Look forward to an interesting discussion. I'd like to introduce myself- I am Sandhya Tenneti and I work with Priya Naik at Samhita Social Ventures. I will be making the initial comments to initiate the discussion round this topic.

A number of innovative approaches can be adopted to incentivizing sanitation within companies and across companies.
For example, volunteering programs within companies can span across different departments and location. A success in one location and department could serve as an impetus for another department/location to excel in their volunteering programs. For example, a company that Samhita works with uses cross functional expertise in the development and implementation of its sanitation programs. The company’s IR department looks at assessing stakeholder/community needs and then works with the company’s engineers to build infrastructure for their sanitation programs. By ensuring cross functional engagement of departments within a company, successful implementation is more guaranteed.  Reports that focus on sanitation calling out on leading companies that have implemented successful sanitation programs are ways of incentivization. By aligning with national level priorities in sanitation, government level recognition is an incentive factor. For example, the Indian government’s initiative of Swacch Bharat Initiative is an initiative that companies will find value in association and contribution.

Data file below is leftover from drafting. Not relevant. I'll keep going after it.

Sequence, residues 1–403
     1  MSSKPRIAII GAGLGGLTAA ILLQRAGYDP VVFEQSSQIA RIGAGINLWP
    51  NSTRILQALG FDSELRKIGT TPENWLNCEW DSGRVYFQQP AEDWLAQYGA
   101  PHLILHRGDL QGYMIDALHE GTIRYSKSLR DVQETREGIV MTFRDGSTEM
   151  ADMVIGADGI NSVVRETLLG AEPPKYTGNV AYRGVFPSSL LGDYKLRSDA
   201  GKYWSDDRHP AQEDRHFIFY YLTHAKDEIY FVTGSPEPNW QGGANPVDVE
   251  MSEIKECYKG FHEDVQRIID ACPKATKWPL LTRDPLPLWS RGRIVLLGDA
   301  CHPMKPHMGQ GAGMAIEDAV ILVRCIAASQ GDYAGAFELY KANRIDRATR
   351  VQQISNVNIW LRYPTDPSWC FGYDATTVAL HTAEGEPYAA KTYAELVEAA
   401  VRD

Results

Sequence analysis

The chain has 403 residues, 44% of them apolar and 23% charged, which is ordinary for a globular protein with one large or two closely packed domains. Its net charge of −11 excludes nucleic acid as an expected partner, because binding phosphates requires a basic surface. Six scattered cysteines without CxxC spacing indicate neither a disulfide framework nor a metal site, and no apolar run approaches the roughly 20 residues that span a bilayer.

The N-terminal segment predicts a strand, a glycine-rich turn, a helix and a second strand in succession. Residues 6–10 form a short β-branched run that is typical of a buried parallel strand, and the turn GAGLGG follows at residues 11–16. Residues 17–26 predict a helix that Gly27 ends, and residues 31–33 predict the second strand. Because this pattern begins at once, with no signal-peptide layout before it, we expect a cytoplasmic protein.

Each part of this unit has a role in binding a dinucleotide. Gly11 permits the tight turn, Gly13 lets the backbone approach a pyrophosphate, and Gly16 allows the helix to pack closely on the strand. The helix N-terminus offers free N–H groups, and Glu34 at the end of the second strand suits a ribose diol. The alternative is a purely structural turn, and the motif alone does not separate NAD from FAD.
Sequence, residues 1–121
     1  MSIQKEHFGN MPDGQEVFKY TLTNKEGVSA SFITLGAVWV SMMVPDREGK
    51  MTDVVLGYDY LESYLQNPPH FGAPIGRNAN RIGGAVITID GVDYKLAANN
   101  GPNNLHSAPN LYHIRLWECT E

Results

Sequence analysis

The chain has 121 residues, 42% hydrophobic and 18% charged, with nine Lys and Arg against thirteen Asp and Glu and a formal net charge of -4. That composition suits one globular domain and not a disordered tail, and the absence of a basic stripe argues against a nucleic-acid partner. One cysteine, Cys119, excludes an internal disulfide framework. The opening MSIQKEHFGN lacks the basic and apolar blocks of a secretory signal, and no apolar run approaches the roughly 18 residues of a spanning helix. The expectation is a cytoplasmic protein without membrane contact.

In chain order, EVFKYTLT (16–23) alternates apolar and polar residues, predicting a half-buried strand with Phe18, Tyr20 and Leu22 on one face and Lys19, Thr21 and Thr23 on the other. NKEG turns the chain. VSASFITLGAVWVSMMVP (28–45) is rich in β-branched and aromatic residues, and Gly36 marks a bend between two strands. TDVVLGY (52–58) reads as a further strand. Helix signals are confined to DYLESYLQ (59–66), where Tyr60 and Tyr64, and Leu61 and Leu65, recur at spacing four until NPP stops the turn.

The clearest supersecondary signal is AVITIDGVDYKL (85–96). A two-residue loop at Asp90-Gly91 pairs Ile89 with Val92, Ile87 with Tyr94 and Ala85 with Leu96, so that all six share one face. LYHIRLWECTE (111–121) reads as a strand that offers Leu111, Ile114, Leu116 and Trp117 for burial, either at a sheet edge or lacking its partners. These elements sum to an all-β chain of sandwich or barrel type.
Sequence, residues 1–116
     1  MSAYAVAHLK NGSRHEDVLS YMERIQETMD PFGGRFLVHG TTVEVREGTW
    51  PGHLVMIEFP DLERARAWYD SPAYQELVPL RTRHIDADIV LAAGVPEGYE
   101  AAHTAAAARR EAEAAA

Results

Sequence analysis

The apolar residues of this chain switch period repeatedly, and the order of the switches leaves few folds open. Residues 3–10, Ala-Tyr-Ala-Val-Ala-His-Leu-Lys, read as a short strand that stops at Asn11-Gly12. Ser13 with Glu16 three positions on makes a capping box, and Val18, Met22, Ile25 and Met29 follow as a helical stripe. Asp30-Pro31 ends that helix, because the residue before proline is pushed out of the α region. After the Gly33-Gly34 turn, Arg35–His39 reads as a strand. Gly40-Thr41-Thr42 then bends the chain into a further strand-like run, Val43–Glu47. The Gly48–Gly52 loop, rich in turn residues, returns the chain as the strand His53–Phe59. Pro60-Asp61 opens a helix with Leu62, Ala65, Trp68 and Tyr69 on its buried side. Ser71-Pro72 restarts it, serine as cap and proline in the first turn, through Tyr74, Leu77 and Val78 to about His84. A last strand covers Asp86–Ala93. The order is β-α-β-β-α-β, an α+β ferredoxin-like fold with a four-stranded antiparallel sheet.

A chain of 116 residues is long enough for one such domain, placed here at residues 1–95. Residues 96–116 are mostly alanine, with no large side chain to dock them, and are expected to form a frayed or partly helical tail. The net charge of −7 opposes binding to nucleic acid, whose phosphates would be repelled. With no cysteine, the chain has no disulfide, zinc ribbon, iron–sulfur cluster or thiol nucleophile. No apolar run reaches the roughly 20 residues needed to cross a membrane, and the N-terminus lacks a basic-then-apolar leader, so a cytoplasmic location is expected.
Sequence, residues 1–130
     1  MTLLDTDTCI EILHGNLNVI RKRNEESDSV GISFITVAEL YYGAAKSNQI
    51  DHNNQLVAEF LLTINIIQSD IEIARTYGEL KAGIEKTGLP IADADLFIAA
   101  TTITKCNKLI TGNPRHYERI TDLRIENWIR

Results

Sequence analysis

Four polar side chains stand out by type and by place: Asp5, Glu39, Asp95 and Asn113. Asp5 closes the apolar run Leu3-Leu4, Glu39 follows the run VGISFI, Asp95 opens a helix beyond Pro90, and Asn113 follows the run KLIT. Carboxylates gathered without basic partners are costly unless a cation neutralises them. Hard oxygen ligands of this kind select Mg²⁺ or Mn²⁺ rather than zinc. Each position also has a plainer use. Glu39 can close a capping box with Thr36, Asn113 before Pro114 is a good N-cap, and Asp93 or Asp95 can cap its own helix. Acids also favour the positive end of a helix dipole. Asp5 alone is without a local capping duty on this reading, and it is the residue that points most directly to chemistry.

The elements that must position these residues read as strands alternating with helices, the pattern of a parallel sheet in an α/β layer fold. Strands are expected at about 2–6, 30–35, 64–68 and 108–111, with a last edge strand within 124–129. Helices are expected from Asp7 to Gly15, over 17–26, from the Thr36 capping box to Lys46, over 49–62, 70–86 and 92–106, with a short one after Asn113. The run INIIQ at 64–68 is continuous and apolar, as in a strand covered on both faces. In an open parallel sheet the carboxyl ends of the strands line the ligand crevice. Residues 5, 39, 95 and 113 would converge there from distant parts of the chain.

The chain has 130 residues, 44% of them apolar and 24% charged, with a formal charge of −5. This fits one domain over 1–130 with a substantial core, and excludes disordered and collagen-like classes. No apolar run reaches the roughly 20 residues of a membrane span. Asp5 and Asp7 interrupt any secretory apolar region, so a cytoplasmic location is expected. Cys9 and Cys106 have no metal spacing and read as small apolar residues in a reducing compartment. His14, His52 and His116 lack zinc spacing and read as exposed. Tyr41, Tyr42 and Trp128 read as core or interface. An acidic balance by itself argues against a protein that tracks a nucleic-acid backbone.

The success and more importantly, the sustainability of such efforts, of a company can serve as a trigger for other companies within the same industry (or across industries) to develop, hone and excel in CSR activities focused on sanitation. A greater opportunity lies in building industry coalitions (either a purely FMCG or manufacturing coalition) that seeks to collate best practices and spearheads a deeper impact of sanitation programs. A case in point would be the work that the India Sanitation Coalition has undertaken in terms of knowledge generation, dissemination and exchange of insights. The ability lead and be a member of such coalitions builds name recognition and visibility in expertise in the implementation of sanitation programs.  Such coalitions will serve both as a template and a motivator for companies in other industries to develop and implement sanitation programs. A similar approach would be to align with national and international funds on sanitation. By pooling funds and collaborating with such funds, companies also provide a pathway to others to explore different implementation options.
Any success in program implementation or learning/insight by a company here serves as a showcase for companies to display their expertise in creating high impact CSR initiatives in sanitation. It also demonstrates to their peers and their competitors that they need to further exert themselves to meet standards set. Samhita as part of its CSR in  Water, Sanitation and Hygiene report developed a framework to enable companies to discover opportunities and methods for contribution and adding value based on the different types of interests- For example, strategic interest (such as those companies whose products and services aligned to the mission), impact orientation (for companies looking to drive impact across their stakeholder communities) and catalytic interests (for example, media companies who offer a service by virtues of their core competencies to drive change across key issues in sanitation).]]>
Corporate Engagement in Sanitation - Thematic Discussion (SuSanA Indian Chapter) Mon, 05 Dec 2016 12:34:25 +0000
Sanivation's Santa's Stinkiest Stocking - Sending Coal for a Cause for the Holidays - by: tylerk098